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Samsung Galaxy S20 FE Review: E for everyone – MobileSyrup

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Samsung’s Galaxy S20 Fan Edition (FE) is a smartphone specifically designed for fans, according to the South Korean tech giant. Samsung claims it listened to its consumers and made the most affordable version of the S20 possible while still offering high-end features, including stellar battery life and solid camera experience.

In some ways, the S20 FE reminds me of OnePlus because it designed its smartphones specifically with its consumers in mind. It wasn’t always about selling the best smartphone on the market, but the company would listen to complaints made with other devices and fix those issues with their handset.

While the S20 FE was not made with my personal taste in mind (I’ll touch on that a bit later), I understand what Samsung had in mind when it created this piece of hardware.

I can definitively say that Samsung’s Galaxy S20+ is my favourite smartphone I’ve used this year so far, and the S20 FE does a lot of the same things as that device, which makes it a worthwhile purchase.

To say the least, this phone isn’t perfect, and I came across a couple of concerns, but for the most part, I think Samsung actually made a pretty good device for its fans.

Elegantly flat

From a design standpoint, the S20 FE looks like the company’s Galaxy A71 mid-range smartphone with slightly thicker bezels. This isn’t particularly pretty from my perspective, given I loved the design of the S20+ and its slightly curved screen edges that create an almost bezel-less design. Even the A71’s smaller black bars make for a better aesthetic than the S20 FE.

Despite the slightly thicker bezels, the handset still looks sleek. And The camera cutout on the ‘Infinity-O’ display is actually smaller than the S20 series and the A71, which I thought was a nice touch.

On the bottom of the phone, there’s no 3.5mm headphone jack, which I expected and don’t mind since I often use Bluetooth headphones. Unlike the other S20 smartphones, the FE doesn’t come with USB-C wired earbuds. It’s worth noting that Samsung’s Galaxy Note series also lacked wired earbuds. On the right side of the device, there’s a volume rocker and power/Bixby button.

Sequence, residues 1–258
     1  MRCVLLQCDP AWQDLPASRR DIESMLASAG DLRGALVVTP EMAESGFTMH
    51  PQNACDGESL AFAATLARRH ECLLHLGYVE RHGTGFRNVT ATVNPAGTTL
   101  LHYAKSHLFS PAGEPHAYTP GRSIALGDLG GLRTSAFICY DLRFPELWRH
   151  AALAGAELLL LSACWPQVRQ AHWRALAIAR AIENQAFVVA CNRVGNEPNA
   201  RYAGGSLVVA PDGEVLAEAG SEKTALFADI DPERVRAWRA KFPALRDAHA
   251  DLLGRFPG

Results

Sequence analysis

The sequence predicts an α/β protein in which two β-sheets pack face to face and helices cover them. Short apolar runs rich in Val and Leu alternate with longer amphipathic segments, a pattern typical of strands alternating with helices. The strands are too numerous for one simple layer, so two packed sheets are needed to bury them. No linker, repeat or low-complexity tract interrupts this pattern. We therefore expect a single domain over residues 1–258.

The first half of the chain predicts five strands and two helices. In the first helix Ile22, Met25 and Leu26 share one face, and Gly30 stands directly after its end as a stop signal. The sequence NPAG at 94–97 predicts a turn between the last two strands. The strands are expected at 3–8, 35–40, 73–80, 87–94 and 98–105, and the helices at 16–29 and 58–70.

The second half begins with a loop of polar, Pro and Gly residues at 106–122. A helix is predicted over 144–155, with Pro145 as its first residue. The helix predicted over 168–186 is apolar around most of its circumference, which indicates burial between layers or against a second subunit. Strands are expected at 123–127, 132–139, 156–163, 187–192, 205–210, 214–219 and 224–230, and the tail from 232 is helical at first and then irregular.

When you flip the handset over to its back, you’re greeted with the now-familiar feeling of plastic, similar to the Galaxy Note 20. I don’t know which fans wanted this plastic material, but I wasn’t one of them. What’s nice about this plastic rear is that it comes in tons of cool colours, including ‘Cloud Lavender,’ ‘Cloud Red,’ ‘Cloud Orange,’ and more.

However, there’s a $450 price difference between the Galaxy Note 20 and the S20 FE that makes the plastic on the rear of the S20 FE a lot more acceptable than it was on the Note 20.

Additionally, despite the plastic, I like the way the back feels, and it doesn’t attract fingerprints or smudges, which is always a plus.

2There’s also a triple camera setup in the top right corner that looks similar to the Note 20’s.

Smooth as the other S20s

Samsung’s Galaxy S20 FE also has a lower resolution than the S20 handsets with a 1080 x 2400 pixel resolution, compared to the 1440 x 3200 resolution available on the other S20 series devices.